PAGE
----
At the Heart of the Atom
How was nuclear fission discovered?
Italian physicist Enrico Fermi (1901-1954) was appointed professor at the University of Rome at the age of twenty-four. Among many projects in which he and his group were involved, perhaps none was more important than his studies of the reactions produced when slow neutrons struck nuclei. Fermi had discovered in 1934 that slowing neutrons by passing them through paraffin greatly increased this ability to produce nuclear reactions. He did systematic studies of the results of bombarding a series of materials with slow neutrons.
The German chemist Otto Hahn (1879-1968) had a distinguished career that included inventing the field of radiochemistry in 1905. Using chemical techniques and measurements of half lives to study the results of nuclear reactions he had discovered dozens of isotopes and at least one element. Three times he was nominated for the Nobel Prize. Since 1907 he had collaborated with the Austrian physicist Lisa Meitner (1878-1968). The teamwork between a physicist and a chemist was a great advantage.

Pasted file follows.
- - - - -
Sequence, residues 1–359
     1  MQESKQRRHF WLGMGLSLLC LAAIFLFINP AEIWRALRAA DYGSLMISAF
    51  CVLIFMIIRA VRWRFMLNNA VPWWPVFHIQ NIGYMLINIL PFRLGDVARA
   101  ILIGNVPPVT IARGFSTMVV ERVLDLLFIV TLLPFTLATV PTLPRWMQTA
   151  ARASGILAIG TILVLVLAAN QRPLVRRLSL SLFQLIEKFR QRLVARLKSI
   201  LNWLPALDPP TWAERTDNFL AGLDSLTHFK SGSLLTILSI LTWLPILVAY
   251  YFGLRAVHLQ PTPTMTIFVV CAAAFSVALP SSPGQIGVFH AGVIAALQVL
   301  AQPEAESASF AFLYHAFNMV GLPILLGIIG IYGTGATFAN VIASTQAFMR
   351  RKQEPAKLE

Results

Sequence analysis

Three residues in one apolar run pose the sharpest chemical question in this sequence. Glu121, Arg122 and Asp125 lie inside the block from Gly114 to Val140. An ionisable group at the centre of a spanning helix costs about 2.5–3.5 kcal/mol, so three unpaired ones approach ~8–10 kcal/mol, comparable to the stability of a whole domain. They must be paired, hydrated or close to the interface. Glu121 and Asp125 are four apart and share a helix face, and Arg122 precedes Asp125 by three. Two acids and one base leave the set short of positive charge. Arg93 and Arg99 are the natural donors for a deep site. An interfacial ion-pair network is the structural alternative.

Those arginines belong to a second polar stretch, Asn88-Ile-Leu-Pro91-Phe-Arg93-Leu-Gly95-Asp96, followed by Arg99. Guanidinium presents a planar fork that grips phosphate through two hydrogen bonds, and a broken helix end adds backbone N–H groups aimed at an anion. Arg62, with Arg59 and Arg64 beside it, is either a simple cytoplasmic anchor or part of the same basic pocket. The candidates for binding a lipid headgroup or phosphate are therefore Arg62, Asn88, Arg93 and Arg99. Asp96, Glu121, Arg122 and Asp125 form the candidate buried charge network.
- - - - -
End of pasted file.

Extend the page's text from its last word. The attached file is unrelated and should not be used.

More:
Hahn and Meitner, together with Hahn’s young assistant Fritz Strassman (1902-1980), employed Fermi’s slow neutron techniques to create nuclear reactions, and thus more isotopes. When, in 1938, they tried bombarding uranium with neutrons they expected to create new elements beyond uranium in the periodic table. But they kept finding the element barium in the bombarded uranium.
Starting in 1933, the Nazi regime forced people of Jewish origin out of all laboratories and universities. Meitner, who had Jewish parents but had converted to Protestantism in 1908, was protected because she was Austrian. But, when Austria was incorporated into Germany, she lost that protection. In July 1938, she took the train from Berlin to the Netherlands. Thanks to the intervention of two Dutch physicists she was allowed to leave Germany, but with no possessions. She soon moved to Sweden and kept up her collaboration with Hahn by mail.
On December 17, 1938, Hahn and Strassman submitted their findings for publication but admitted that they had no explanation for the appearance of barium. Meitner and her nephew Otto Frisch utilized Niels Bohr’s “liquid drop” model of the nucleus and Einstein’s E = mc2 equation to propose that the nucleus had split into two, releasing both extra neutrons and a large amount of energy. The Meitner-Frisch paper was submitted a few days after Hahn’s. Frisch returned to his laboratory in England and confirmed Hahn’s result in January 1939. Hahn won the Nobel prize in chemistry for his work in 1944, but Meitner never did.